In this case, the prominent hyperintensity identified in the ONs presented simultaneously with long-term headache, bilateral papilledema, and visual disturbance, suggesting chronic intracranial hypertension. The offending tumor was large and occupied considerable space in the intracranial cavity. Furthermore, the intramedullary hyperintensity rapidly resolved after tumor resection, with remarkable improvement in visual function and decrease in IOP. Therefore, we assumed that the hyperintensity reflected the visual function both in before and after surgery. Recently, inactivation of the breast cancer-associated protein-1 tumor suppressor gene, BAP1, has been proposed to be the most common mutation associated with an aggressive nature of RMs.[
In our patient, the width of the right ON decreased postoperatively. This probably indicates long-term, indirect tumor compression of the intracranial right ON, and consequent optic atrophy. Despite this, the visual disturbance improved immediately after surgery. Such intramedullary hyperintensity may serve as a radiological biomarker for indicating a prompt surgical intervention. The diameter of the OS did not show immediate shrinkage, consistent with the results of previous report.[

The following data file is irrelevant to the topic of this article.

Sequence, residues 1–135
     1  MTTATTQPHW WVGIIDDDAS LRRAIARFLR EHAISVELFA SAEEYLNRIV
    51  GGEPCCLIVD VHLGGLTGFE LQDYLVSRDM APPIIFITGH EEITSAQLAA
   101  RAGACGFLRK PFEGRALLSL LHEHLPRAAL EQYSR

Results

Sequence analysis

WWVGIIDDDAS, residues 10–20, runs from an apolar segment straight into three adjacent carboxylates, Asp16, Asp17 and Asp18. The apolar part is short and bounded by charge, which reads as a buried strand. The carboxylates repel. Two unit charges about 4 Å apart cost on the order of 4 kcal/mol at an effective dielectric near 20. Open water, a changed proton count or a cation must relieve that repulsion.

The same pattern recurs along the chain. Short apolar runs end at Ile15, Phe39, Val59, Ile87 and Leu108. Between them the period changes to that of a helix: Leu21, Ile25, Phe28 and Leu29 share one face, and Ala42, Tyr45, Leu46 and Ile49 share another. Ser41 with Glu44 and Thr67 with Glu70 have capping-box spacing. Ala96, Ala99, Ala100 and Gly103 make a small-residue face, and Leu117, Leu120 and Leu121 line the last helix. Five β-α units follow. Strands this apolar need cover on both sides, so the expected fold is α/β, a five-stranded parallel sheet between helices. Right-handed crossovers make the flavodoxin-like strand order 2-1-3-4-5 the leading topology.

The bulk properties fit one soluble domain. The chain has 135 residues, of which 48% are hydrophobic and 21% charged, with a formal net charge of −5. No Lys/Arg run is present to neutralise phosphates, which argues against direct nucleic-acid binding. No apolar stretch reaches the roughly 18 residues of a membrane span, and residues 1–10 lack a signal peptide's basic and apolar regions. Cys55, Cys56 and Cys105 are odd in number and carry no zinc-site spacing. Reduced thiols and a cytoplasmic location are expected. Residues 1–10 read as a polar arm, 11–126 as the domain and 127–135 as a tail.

Prominent peritumoral edema, cystic components, and bone involvement are documented as characteristic neuroimaging findings of RMs.[
Prominent hyperintensity in the ON identified in patients with chronic intracranial hypertension may be an indicator of visual disturbance. It can rapidly resolve after resolution of intracranial hypertension with functional recovery.
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There are no conflicts of interest.
The views and opinions expressed in this article are those of the authors and do not necessarily reflect the official policy or position of the Journal or its management. The information contained in this article should not be considered to be medical advice; patients should consult their own physicians for advice as to their specific medical needs.